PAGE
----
Sonja Bigg: 'My daughter was born early and chronically sick but my family are unbreakable thanks to our special little girl'

The premature birth of Sonja Bigg's daughter Nessie almost brought her family to breaking point. But four years later, they've changed in ways that they never expected

Tuesday 11 August 2009 00:00

Life changed out of all recognition on 13 April 2005. I woke up at 2.13am drenched, panicking, my heart beating wildly. My waters had broken. And I was only 28 weeks pregnant.

After two days of waiting, my daughter was born in minutes. Alone and terrified, I watched as they tried to revive her. My husband, Jules, arrived as she was intubated and rushed into intensive care.

Our new daughter, Nessie, was gravely ill. The doctors were doing their best and they told us to go home and wait for news. I had given birth less than two hours previously and yet here I was, walking fully dressed along a hospital corridor with no baby. I didn't cry. I held it all back, knowing that if I let go, I would not be able to stop.

We had been in bed for an hour when the call came. It was time to go and say goodbye to our daughter. It was bucketing with rain and the car was full of the sound of crying; not my own, but that of my husband. I was still too shocked to cry.

We were taken into a side room. Doctors told us that there had been an infinitely small improvement since the call, that Ness was fighting for her life on maximum support. There was no leeway for deterioration as there was nothing that could be done over and above what was being done already. It was just a question of waiting.

Two days later, I cycled back into work, to the horror of my colleagues. As the adult therapy manager of a south London primary care trust, my brain had gone into autopilot; an overdrive of planning for the future. If Nessie survived, she would need me at home. If I had started maternity leave the moment she was born, it was likely to be over when she came home. If she died, I would need to take the leave in order to grieve. Also I had three other children to provide for. My boss allowed me to defer my leave until it was most needed. Jules moved his design business into our sitting room.

On week three came another blow. Nessie suffered a severe brain haemorrhage. She was unlikely to survive. And if she did, the severity of the bleed meant there was every possibility that she would be severely disabled. That afternoon I went to sit in the park opposite the hospital. I cried at the top of my voice, unable to control it, however many people passed by. I cried for hours and didn't care who saw. And then I stopped. Nessie needed me.

During the week, I would get up, go to the hospital to sit with Ness, go back home, get my kids up for school, go to work. Lunchtimes were spent in intensive care. Then back to work before sitting in intensive care as soon as work finished. Then back home to see my other kids, help with homework, supper, bedtime before returning once more to sit with Nessie until midnight.

For six months I watched helplessly as Nessie fought for life on a daily basis. And then Nessie came home. That was when the enormity of the situation finally hit us. Nessie was on constant piped oxygen and a regime of two-hourly drugs and two-hourly chest physio, 24 hours a day. There was no help, no respite and no sleep. She began to vomit after every feed and got progressively thinner until a feeding tube was put in. Feeds were hourly with a syringe day and night as it was the only way we could get her to keep them down. Leaving the house was impossible as Nessie was too ill. I became a prisoner in the basement of my house, leaving it only to go to bed at night.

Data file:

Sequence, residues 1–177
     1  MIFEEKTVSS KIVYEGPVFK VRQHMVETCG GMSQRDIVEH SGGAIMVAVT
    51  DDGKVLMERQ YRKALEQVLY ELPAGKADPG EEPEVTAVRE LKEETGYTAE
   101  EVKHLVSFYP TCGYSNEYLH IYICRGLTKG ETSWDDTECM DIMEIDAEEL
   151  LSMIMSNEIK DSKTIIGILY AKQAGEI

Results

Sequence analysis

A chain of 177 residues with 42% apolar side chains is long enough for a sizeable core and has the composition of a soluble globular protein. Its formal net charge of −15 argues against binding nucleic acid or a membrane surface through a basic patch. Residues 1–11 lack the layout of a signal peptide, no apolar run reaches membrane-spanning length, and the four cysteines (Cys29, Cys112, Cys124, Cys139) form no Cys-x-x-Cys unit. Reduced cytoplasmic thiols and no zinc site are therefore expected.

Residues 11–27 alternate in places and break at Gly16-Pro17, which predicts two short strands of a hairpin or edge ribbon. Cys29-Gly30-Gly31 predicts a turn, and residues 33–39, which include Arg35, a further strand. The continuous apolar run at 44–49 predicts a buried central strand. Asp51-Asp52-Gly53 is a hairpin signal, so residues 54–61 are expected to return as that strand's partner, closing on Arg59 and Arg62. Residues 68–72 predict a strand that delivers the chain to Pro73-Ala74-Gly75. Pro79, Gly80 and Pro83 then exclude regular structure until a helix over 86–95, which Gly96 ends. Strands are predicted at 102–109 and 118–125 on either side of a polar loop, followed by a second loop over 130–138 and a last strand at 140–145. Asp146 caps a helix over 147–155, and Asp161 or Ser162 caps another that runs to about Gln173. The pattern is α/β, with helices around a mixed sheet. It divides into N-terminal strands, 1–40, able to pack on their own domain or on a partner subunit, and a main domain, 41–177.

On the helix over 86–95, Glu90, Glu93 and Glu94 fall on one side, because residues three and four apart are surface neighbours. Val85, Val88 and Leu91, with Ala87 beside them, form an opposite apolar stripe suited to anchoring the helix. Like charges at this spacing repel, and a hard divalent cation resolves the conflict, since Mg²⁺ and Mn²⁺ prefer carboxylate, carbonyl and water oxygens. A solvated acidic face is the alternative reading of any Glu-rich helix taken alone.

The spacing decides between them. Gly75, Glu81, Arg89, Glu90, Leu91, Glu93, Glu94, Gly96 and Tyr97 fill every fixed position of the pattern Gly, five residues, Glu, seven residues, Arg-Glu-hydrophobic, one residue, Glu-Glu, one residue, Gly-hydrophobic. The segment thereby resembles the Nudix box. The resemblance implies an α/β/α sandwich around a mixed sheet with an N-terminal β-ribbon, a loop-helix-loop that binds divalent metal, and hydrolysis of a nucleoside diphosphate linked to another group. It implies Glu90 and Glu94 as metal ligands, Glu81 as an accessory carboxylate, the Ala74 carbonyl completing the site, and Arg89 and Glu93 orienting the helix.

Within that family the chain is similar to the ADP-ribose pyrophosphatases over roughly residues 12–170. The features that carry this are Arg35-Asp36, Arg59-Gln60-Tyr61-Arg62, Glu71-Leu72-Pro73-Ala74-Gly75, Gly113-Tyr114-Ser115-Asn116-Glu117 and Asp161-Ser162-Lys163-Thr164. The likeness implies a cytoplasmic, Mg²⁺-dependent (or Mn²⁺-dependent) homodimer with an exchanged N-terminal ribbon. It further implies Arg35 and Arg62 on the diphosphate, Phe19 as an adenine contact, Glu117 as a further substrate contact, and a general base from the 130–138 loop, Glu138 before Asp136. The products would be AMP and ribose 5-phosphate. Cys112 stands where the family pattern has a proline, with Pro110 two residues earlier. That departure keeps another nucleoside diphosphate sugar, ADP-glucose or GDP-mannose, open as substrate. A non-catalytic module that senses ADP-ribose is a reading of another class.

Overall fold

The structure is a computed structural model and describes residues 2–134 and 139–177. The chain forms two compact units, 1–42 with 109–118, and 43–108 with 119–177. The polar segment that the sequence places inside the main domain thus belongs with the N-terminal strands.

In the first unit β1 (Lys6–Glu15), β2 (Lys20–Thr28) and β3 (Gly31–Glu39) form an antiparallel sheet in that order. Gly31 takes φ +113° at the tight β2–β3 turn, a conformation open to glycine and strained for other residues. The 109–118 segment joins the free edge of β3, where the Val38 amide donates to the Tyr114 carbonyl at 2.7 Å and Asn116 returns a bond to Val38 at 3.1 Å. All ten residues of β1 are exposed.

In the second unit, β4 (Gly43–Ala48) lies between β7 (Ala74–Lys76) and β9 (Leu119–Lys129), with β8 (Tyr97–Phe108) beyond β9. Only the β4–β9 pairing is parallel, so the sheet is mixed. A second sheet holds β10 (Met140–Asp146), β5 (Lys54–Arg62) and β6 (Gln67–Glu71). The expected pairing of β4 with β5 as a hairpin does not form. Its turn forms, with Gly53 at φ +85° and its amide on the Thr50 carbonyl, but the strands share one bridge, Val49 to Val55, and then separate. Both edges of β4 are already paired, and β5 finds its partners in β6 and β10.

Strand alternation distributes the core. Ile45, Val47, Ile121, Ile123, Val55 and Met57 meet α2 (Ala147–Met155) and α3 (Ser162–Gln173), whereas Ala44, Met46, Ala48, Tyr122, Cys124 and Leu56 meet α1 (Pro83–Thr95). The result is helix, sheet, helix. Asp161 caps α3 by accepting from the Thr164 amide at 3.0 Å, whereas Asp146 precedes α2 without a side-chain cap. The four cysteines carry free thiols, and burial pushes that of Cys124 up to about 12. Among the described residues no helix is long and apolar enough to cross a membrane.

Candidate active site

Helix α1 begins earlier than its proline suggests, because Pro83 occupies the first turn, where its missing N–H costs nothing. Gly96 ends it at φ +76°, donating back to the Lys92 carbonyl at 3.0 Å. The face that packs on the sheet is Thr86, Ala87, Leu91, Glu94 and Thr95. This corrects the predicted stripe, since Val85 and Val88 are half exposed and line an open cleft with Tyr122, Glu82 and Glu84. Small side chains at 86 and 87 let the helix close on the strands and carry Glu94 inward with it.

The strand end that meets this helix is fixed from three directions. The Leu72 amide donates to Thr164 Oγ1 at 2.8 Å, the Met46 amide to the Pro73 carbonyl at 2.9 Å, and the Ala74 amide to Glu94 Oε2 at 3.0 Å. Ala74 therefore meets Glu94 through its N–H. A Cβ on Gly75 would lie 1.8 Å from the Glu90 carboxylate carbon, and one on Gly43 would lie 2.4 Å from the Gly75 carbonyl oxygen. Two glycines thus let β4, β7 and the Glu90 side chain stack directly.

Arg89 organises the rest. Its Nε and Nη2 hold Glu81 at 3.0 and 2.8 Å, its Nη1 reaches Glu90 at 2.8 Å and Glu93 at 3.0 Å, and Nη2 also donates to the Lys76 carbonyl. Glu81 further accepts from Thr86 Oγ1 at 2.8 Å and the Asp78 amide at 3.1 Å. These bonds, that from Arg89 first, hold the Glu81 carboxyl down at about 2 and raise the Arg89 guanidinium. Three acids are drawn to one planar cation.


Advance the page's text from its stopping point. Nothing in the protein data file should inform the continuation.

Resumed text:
Nessie slept next to our bed with an apnoea monitor so if she stopped breathing we knew immediately, and a monitor so that every time her oxygen saturation dropped to dangerous levels we could get her upright and turn up the oxygen until she was out of danger.

My older children had a crash course in things that most children never have to experience. They learnt to help pin her down so I could replace the feeding tube she ripped out several times a day and to hold her head forwards while I was doing it, so the tube didn't go into her lungs. They learnt to watch over her like a hawk and observe her skin colour, so I could go to the toilet without worrying that she was going blue. And they learnt to give nebulisers, hold syringe feeds and to put up with a mother who was so tired that she often didn't hear them speaking to her.

Ness spent all day fighting to breathe. She didn't have the ability or energy to do anything else. Even eye contact was too much for her to cope with and was something that she avoided at all cost. Any movement would make her so short of breath that she lost oxygen saturation and went blue. She retreated into her own little world where no one was hurting her, no one putting masks over her face, forcing tubes down her nose, bashing her chest to help her chest infections. She wanted to block us all out.

But the one thing that Ness could not fail to respond to was slapstick comedy. With my children in front of her, pulling faces and smacking each other in a Tom and Jerry manner before falling to the floor, Nessie's attention would be held. She would silently laugh until she was puce. She learned to clap. And she learned to smile. She began to form a gigantic humour and a gigantic personality from the confines of her special chair – and to follow their faces with her eyes as they moved around the room, silently begging them for more fun. They forced her to fall in love with them, just as they were in love with her.